The moon her magic be, big sad face
Of infinity An illuminated clay ball
Manifesting many gentlemanly remarks
She kicks a star, clouds foregather
In Scimitar shape, to round her
Cradle out, upsidedown any old time
You can also let the moon fool you
With imaginary orange-balls
Of blazing imaginary light in fright
As eyeballs, hurt & foregathered,
Wink to the wince of the seeing
Of a little sprightly otay
Which projects spikes of light
Out the round smooth blue balloon
Ball full of mountains and moons
Deep as the ocean, high as the moon,
Low as the lowliest river lagoon
Fish in the Tar and pull in the Spar
Billy de Bud and Hanshan Emperor
And all wall moongazers since
Daniel Machree, Yeats see
Gaze at the moon ocean marking
the face –
In some cases
The moon is you
In any case
The Moon Her Majesty ~ Jack Kerouac
Sacrifice at Full Moon, 1933 Paul Klee
Paul Klee: Vollmond im Garten (1934) / Ölfarbe auf Grundierung auf Leinwand auf Keilrahmen / 50,3 x 60,1 cm
Things I learned, or should I say re-established in my most recent mediation:
People have the natural reflex to make assumptions about others. It is why training in neutrality and asking open-ended questions to get to the truth is important. People will look at you and assume 1,001 things before you have even opened your mouth. Most of the time they are wrong. Even Sherlock Holmes was wrong sometimes and he was the master “reader”. That being said, body language and patterns of behavior can be very telling and often help us see more clearly what is going on.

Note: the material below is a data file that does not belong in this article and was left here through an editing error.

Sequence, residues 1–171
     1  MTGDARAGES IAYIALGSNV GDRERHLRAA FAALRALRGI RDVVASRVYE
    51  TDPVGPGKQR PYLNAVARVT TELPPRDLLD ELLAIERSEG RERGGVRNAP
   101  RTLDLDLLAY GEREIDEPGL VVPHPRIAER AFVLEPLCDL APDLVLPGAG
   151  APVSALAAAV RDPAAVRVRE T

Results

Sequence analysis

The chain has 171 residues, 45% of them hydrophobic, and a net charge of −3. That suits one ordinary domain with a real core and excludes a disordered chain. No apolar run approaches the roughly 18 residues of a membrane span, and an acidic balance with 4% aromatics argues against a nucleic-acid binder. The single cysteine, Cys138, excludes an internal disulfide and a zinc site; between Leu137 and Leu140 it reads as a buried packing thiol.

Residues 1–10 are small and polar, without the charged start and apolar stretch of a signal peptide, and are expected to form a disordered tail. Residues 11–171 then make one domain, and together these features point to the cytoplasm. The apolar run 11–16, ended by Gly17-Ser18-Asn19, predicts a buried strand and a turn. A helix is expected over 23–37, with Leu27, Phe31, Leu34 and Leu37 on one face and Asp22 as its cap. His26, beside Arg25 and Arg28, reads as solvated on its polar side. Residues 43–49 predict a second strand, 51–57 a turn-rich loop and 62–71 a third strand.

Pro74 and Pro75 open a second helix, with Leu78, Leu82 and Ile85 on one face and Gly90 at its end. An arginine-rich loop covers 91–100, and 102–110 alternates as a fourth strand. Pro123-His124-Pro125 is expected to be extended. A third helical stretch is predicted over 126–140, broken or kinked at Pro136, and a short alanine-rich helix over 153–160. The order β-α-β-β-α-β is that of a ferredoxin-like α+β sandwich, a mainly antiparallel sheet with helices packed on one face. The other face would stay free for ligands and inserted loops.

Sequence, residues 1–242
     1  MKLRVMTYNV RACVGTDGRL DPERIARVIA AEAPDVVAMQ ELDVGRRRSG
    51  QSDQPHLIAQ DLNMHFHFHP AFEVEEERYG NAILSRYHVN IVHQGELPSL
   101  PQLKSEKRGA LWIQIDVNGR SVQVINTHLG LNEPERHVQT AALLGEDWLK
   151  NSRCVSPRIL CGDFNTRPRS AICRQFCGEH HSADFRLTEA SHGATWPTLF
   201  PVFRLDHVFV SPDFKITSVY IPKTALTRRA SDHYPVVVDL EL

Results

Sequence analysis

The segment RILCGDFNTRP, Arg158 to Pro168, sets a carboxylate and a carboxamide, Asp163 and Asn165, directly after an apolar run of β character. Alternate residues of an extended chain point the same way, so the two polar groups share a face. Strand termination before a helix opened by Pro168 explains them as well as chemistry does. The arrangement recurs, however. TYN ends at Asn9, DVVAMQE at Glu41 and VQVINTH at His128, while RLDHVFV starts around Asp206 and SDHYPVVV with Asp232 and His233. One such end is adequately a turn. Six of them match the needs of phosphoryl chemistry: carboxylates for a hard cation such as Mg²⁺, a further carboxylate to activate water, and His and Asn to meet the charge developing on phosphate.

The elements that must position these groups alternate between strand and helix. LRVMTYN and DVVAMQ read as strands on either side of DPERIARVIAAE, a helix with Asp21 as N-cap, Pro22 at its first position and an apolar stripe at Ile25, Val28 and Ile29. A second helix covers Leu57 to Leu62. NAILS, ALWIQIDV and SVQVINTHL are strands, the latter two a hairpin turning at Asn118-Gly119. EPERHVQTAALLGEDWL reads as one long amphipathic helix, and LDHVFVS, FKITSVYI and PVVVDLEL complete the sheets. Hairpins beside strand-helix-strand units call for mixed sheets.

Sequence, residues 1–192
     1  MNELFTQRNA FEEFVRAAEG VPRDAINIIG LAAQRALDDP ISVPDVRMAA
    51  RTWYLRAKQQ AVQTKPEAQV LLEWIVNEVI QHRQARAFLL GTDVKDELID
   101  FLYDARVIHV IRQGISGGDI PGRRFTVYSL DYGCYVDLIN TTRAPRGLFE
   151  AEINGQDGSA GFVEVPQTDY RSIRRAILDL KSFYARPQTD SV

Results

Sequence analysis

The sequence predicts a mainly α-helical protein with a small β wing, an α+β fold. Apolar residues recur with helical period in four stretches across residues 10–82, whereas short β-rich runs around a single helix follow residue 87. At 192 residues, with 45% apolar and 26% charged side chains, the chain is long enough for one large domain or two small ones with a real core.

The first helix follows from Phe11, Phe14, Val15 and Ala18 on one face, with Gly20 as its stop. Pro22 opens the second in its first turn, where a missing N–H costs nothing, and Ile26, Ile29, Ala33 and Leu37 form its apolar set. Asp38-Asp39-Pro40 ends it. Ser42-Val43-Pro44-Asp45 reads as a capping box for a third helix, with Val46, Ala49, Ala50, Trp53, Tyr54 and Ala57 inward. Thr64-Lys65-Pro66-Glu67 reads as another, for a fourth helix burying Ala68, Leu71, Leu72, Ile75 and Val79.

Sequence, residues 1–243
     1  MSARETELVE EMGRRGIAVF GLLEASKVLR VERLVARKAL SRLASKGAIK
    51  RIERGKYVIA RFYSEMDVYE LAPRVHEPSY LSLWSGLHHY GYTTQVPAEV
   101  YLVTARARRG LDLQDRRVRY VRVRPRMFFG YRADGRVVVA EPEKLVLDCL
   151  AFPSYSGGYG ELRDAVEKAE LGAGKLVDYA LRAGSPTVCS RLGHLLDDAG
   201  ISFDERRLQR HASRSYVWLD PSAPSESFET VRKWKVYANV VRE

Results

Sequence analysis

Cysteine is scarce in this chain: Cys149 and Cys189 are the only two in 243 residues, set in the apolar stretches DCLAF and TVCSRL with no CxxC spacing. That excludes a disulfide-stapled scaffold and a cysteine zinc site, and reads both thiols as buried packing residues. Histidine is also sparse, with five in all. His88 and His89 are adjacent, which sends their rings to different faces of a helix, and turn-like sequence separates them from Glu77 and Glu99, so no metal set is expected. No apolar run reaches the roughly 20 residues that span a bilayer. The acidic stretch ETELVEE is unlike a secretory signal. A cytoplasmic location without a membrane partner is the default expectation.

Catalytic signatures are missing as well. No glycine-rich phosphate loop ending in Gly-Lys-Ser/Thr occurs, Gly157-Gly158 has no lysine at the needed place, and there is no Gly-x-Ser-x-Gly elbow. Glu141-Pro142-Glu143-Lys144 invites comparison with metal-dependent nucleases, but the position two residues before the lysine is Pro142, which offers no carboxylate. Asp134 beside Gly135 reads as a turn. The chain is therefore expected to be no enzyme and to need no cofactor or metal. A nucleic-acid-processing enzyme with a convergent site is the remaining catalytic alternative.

For instance: when one party started talking about this upsetting message they received, they broke out into bright red splotches all over the face and chest. The person who sent the upsetting message started breathing heavily and got really, really quiet. I have noticed that when a normally outspoken and animated person clams up and gets cryptic it is often because they feel guilty about something. But again, don’t assume, instead ask a well-crafted question when they start digging their head into the sand.
Naturally, we on the panel really wanted to know what the message said. Wouldn’t you, if you saw that kind of reaction?
This was a tricky session because it involved racial tensions, generational and cultural clashes, and other domestic issues that were not going to be magically resolved in this time frame. But in the end, a candid discussion about some deep stuff transpired and everyone apologized for their behavior. I would say we did good work this week.
Just a sample of some great films he has shot:
This is an old article, but every time I read it I can hear my maternal gramp’s voice. A lot of old SF’ers sounded like the cabbie in Dark Passage. Gramps was a cabbie in 1947 too, after coming back from the war and having the first of 3 children before age 25. Workin’ class folks in the Mission and Haight and old money the closer you got to the Bay, with the exception of North Beach, which is where the old Italians played pool, smoked in the little cafes (which used to be on every block) and made the Sacripantina that my grandma would travel across town for. That was SF.
How to talk like a Sampanciscan